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Radio Free Asia reports that the IMF predicts a 4% growth in Laos’ economy driven by exports and tourism.

Revenue from tourism, foreign investment, and exports will help Laos’ struggling economy grow by 4% in 2024, according to the International Monetary Fund’s forecast.

However, this growth won’t be sufficient to mitigate the persistently high inflation rates, which have pushed many Laotians to the brink of poverty, as reported by several Laotians to Radio Free Asia.

A resident of Saravane province stated, “People in rural areas are still relying on food from forests as they don’t have the money to buy food from the market. They can only afford the essentials.”

Another resident from Xieng Khouang province expressed concerns that if the government fails to control inflation, nobody will benefit from the economic growth. He said, “People are becoming poorer day by day and live paycheck to paycheck. Most products and merchandise sold in the markets are imported.”

The Asian Development Bank (ADB) also predicts a 4% expansion in the Lao economy next year and had previously forecasted a growth rate of 3.7% in 2023.

However, an ADB official informed RFA that the inflation rate will remain at 28% year over year, the same as 2023.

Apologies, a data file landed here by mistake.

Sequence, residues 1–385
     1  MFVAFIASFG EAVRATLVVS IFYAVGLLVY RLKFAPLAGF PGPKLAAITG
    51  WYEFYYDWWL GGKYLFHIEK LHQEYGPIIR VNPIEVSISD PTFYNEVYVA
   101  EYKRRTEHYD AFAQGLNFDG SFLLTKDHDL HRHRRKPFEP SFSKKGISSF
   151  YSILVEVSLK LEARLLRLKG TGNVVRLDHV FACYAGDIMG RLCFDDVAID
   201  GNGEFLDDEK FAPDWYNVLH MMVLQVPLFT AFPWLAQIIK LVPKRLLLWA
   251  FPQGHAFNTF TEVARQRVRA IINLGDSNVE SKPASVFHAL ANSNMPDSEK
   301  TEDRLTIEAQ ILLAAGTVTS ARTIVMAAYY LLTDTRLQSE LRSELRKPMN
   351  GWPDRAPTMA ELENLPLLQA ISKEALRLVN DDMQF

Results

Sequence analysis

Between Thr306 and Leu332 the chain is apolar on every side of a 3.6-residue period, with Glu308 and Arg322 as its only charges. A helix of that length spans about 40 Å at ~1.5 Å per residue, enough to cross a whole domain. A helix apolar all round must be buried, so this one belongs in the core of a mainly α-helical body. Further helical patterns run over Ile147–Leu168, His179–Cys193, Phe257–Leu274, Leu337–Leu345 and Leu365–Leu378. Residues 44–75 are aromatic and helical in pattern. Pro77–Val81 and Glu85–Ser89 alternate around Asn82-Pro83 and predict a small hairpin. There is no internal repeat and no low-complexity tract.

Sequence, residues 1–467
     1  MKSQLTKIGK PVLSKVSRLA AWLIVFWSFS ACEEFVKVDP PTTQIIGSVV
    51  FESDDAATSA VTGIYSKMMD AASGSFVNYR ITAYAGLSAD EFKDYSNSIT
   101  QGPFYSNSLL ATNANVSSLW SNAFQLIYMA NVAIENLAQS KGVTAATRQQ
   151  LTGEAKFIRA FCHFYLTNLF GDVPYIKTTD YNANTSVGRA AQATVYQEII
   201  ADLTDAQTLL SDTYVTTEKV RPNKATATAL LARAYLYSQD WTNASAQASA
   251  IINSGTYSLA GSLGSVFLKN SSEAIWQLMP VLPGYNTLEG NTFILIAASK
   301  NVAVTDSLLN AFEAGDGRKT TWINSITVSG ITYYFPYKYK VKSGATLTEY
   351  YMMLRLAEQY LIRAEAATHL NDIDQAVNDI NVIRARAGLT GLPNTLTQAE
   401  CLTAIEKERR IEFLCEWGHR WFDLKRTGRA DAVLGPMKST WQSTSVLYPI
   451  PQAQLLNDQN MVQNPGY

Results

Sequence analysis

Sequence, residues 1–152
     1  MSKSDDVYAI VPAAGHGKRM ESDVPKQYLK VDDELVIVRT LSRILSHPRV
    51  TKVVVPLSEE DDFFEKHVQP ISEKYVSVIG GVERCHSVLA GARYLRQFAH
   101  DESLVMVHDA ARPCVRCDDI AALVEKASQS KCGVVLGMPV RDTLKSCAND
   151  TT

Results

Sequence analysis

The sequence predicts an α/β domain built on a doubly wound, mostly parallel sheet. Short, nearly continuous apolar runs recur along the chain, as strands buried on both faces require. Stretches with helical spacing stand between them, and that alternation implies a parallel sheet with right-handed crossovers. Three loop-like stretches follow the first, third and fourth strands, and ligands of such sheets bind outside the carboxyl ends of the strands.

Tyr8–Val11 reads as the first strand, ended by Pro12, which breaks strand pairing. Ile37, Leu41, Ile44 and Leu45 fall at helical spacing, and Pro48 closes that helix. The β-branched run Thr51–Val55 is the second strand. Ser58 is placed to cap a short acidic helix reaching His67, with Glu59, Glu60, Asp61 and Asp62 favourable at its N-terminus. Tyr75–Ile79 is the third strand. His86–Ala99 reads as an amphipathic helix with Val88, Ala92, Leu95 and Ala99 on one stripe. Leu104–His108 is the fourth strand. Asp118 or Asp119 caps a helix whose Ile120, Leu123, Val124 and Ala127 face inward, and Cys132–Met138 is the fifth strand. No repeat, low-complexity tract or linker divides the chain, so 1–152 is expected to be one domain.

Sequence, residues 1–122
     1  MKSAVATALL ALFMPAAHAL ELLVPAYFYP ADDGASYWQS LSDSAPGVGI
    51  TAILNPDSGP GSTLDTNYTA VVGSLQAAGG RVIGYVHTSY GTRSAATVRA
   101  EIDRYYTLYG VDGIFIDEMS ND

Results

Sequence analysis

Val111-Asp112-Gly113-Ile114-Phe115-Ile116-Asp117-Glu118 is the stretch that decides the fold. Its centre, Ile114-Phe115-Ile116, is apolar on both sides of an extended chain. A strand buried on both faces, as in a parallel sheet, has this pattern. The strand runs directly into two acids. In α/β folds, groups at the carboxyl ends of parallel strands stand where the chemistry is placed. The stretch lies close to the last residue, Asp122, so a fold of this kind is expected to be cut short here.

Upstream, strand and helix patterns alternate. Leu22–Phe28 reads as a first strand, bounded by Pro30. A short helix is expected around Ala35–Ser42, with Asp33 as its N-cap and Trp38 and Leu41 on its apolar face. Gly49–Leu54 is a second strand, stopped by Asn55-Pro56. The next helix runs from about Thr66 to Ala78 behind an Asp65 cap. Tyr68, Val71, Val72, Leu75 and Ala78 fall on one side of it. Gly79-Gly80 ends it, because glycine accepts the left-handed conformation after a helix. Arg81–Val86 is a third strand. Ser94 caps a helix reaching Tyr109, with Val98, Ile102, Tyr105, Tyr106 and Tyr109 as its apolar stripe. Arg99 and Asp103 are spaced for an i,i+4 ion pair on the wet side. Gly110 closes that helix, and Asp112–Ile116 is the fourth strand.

Price controls and wage increases

Inflation has soared to as high as 40% in recent years due to depreciation in the Lao currency and declines in foreign investment.

Earlier this year, Lao authorities implemented price controls on necessities like pork, rice, and natural gas. The government has also raised the minimum wage multiple times since 2022 to address the cost of living crisis.

Last week, Lao Prime Minister Sonexay Siphandone acknowledged at a conference in Vientiane that the economy has been sluggish due to high debt levels, inflation, high gasoline prices, and other factors.

However, the ADB official believes that economic growth in Laos will strengthen as tourism, exports, and service industries recover from the COVID-19 pandemic, along with investment from neighboring Thailand, China, and Vietnam resuming.

While the IMF forecast was released on Oct. 18, an updated prediction will be available next month after officials review more export and tourism data.

An IMF representative stated, “One issue is that the currency is still fluctuating. This needs to be resolved quickly for the macroeconomy to stabilize.”

The government must also attract more foreign investment, motivate locals to increase production for exports, and reduce imports to achieve more consistent growth, according to the representative.

Translated by Sidney Khotpanya. Edited by Matt Reed.

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